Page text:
By Kevin Wolma
Hudsonville athletic director
Wolma is in his third school year as athletic director at Hudsonville and previously coached basketball and golf. Below is a recent “30-second timeout” he wrote for the Hudsonville district newsletter.
We were five seconds away from one of the greatest upsets in the history of Caledonia basketball.
During the regular season, South Christian had beaten us by more than 30 points on two different occasions. The District Finals became the site for the third contest between the two schools on a warm March day.
We were able to slow them down just enough to stay within striking distance until late in the fourth quarter, when we finally took the lead for the first time. South Christian had one last chance with seven seconds left on the clock. After a timeout, they in-bounded the ball from the sideline and their player forced up a shot. I could see it was going to be short from my viewpoint, and my heart began to race with adrenaline as I could sense the impossible was going to become possible.
What happened next has stuck with me for the rest of my life, as one of the South Christian players pushed one of our players in the back, grabbed the rebound, and put the ball in the basket with one second left.
Game over. South Christian wins the District championship.
For the next eight years as a varsity basketball coach, I held a grudge against officials for that one call. Twelve years later, after I was done coaching, I went back and watched the game over again for the first time. I almost turned the video off when they in-bounded the ball in those last seven seconds because I did not want to relive that moment and the ensuing emotions that took place.
While watching I discovered something.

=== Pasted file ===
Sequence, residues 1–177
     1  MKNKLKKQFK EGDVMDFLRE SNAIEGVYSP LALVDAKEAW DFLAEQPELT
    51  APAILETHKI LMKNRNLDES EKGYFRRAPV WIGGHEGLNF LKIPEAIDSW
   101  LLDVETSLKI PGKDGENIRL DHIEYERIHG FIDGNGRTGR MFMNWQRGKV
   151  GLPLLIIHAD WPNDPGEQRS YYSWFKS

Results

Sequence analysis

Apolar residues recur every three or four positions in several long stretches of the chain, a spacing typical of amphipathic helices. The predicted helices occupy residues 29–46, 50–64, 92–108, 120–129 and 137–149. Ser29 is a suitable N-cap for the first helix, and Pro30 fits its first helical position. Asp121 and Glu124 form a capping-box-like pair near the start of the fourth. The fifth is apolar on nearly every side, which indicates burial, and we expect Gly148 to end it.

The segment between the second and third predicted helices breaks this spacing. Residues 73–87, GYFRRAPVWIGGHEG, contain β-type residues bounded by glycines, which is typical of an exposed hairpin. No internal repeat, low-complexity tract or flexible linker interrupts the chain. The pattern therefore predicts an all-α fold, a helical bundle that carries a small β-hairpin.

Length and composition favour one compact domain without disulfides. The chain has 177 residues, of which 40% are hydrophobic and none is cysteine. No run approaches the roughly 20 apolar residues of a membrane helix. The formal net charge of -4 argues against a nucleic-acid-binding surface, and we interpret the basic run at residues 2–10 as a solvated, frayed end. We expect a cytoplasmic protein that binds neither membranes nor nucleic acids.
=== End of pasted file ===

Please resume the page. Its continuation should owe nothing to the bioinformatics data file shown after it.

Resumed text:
The South Christian player did not shove my player as much as I thought, and our players did not box out like I had thought, which made it easier for them to get the rebound and score. Looking back, did I even tell my players to box out during that last timeout before the ball was in-bounded?
At that moment it became very clear to me that what we see during a game may be clouded because we want our team to gain every advantage and every call in order for them to be successful. Perception is not reality. Officials are human. They will make mistakes just like the coaches and players do during a game.
There still has never been a game that has been decided by an official. Some people will say that the Class B Semifinal boys basketball game (in 2010) was decided on an official’s call when they ruled one of Forest Hills Northern’s player's foot was on the line on his last-second shot when in reality his foot clearly was behind the line. That call cost them a chance to play in the (MHSAA) Finals.
Coach Steve Harvey was quoted in the paper as saying, "We had opportunities to take care of the game before it even came down to that shot.” In the moment it seemed like that one play cost Forest Hills Northern the game, but there were over 50 possessions on offense and defense that preceded the play and potential outcome.
Having the opportunity to spend time with officials inside the locker room has made it very evident they are serious about their jobs and calling the best game they can. I have had requests from officials to have a monitor available to break down film an hour and a half before their contest begins to see strengths and weaknesses in their placement and mechanics from prior contests. I have had officials upset at halftime or after a game because they realized they made a mistake. I have had officials contact me personally after a game to apologize for a call made during the contest.
In the business world and also in education we use the word collaboration a lot. Officials collaborate before, during, and after every contest to garner more knowledge so they can continue to improve.
This is not even their full time job. Officials do what they do because they love the game and want to give back to the sport that made an impact on them.
The next time we are at a game and we think the officials missed a call, let’s take a 30-second timeout to gather our emotions so we do not say anything we will regret later. Instead let’s spend our energy cheering on our teams to be the best they can be.